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From time to time, we've all spotted the words "fruit compote" on a brunch or dessert menu, where it usually signals some cooked and sweetened fruit served as a chunky sort of sauce for waffles and French toast. Truth be told, the execution's generally a touch sloppy, with overcooked fruit disintegrating into an ambiguous pile of mush.
For the most part, that's okay; there's something to be said for a rough 'n' tumble technique and big spoonfuls of a chunky fruit purée. But historically, fruit compotes were once among the daintiest of dishes.
In The Complete Practical Confectioner, a 19th-century tome, the author writes that compotes "must be neat and perfect. To attain this perfection, it is essential that the fruits should be both well trimmed and smoothly peeled." The instructions go on to describe slices of apples treated as if with a lathe to smooth every edge, and a fragrant poaching syrup of herbs, spices, and citrus. In short, a simple but elegant presentation that put the fruit itself front and center. (In fact, compotes were generally served as a dessert unto themselves, in crystal compotiers.)
While today's chefs are more likely to treat compotes as an accompaniment to some other dessert than as a stand-alone dish, I wanted to make my recipe the old-fashioned way, with carefully sliced and peeled fruit lightly cooked in an aromatic syrup.
I started with an assortment of apple varieties to create a medley of flavors and textures—some sweet and tender, others tart and crisp. After peeling, coring, and slicing the fruit into half-inch wedges, I used a vegetable peeler to pare down their sharp edges, per my 19th-century guide. For anyone who's simmered daikon the Japanese way, it's a familiar step, one that keeps the poaching liquid perfectly clear and free from crumbly bits of daikon (or, in this case, apple).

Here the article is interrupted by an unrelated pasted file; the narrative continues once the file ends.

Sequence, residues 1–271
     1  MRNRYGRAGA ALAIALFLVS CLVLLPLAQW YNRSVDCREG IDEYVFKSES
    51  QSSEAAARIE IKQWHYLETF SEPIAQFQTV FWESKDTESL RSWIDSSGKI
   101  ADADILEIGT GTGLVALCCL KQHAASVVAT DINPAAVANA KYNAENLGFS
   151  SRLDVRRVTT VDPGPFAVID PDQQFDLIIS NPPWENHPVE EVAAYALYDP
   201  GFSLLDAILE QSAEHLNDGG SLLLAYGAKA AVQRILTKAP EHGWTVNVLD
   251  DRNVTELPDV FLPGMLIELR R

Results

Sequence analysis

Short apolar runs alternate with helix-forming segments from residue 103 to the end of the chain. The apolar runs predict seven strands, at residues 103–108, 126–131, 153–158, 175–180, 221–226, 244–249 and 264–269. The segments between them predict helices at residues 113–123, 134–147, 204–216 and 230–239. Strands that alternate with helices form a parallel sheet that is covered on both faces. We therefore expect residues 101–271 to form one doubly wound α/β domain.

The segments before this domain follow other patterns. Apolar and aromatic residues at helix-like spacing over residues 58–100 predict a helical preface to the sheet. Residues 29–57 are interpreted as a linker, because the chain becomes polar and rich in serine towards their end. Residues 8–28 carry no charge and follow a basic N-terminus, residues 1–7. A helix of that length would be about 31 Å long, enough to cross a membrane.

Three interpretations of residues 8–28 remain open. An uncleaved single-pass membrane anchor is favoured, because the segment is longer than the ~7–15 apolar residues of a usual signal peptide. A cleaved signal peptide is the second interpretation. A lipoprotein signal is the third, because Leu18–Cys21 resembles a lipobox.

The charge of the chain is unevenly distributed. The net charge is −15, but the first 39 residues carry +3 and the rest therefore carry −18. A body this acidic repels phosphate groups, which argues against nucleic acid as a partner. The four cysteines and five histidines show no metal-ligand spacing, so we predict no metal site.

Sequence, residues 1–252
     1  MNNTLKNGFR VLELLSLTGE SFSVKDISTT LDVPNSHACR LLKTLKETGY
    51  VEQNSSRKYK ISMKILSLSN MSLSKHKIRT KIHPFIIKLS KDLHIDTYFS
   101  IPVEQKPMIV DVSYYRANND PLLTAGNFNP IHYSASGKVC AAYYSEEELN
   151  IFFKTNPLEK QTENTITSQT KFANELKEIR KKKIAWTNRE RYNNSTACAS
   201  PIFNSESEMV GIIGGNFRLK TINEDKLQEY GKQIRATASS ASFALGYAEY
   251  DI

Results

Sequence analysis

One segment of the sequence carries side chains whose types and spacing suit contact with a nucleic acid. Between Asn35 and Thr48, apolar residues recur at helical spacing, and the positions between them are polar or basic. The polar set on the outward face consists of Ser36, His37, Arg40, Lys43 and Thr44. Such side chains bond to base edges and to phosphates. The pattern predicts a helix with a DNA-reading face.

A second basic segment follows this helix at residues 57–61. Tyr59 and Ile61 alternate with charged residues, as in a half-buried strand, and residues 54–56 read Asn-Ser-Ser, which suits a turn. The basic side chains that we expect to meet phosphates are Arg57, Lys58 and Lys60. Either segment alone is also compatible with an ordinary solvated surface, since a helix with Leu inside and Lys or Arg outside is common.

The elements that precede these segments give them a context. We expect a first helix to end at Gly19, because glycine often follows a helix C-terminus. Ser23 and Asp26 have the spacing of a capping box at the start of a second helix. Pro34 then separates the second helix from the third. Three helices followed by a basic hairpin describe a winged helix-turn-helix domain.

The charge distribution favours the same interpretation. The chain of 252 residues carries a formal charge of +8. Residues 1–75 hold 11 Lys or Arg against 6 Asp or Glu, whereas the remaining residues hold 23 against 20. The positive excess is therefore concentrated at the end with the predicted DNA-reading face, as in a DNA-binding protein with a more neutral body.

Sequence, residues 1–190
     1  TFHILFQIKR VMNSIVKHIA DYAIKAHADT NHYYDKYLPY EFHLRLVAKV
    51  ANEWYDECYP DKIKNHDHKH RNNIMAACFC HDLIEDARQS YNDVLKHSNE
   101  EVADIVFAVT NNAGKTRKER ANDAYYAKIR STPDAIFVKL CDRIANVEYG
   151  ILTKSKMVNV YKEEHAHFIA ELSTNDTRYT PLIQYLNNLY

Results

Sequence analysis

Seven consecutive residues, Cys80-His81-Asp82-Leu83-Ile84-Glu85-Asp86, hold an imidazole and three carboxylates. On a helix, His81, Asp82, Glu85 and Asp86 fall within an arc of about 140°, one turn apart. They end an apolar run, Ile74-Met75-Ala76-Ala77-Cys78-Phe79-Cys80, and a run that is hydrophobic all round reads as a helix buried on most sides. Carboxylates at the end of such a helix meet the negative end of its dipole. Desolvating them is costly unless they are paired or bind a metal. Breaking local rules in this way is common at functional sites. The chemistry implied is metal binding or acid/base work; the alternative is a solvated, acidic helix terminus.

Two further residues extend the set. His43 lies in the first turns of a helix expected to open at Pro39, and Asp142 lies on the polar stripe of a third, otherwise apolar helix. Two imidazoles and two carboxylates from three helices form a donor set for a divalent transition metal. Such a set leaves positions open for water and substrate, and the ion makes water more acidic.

Rather than a simple combo of sugar and water, I decided to poach the apples in a syrup made from apple cider and caramel sugar—either darkly roasted sugar or Belgian-style brown sugar, which is made with caramel rather than molasses. American-style brown sugars are fine, too, though they'll add a tangy note of molasses rather than mellow caramel. (For more info, read up on the difference between Belgian and American brown sugars.)
Along with a strip of lemon peel, I also threw in a cinnamon stick and a whole nutmeg seed, split in half with a chef's knife. Old-fashioned compotes often included a few pieces of angelica or whole cloves, but feel free to reach for whatever you have on hand. Just take care not to overdo it, or the sharpness of the spices can overpower rather than enhance the apple aroma.
Simmer the mixture gently until the apples are al dente—they should be easy to stab with a fork, but not soft enough to mash. When they're done, drain the apples (but save that syrup!) to halt the cooking process.
Do leave enough syrup to keep the apples glistening and well sauced, but not so much that the fruit is swimming in the bowl, a surefire way to waterlog your dessert. The dish is best served warm or at room temperature. According to my 19th-century guide, compotes are not meant to be stored long-term, likely because reheating would destroy their delicate, tender texture.
I love this apple compote spooned over thick slices of gingerbread, dishes of rice pudding, and scoops of cinnamon ice cream, but it's a nice touch for crispy yeast-raised waffles and French toast as well.
Now, back to that syrup situation. Return the reserved syrup, spices, and citrus peel to a simmer, and cook until the liquid is slightly reduced, just a minute or so. You'll be rewarded with a thick, tart, and spicy caramel-apple syrup that's perfect for sweetening winter cocktails, mulled cider, or even simple mugs of tea.
Because it yields a warm and tender apple compote and a jar of aromatic caramel-flavored syrup, this recipe is a real two-for-one to help spice up your favorite fall and winter desserts.
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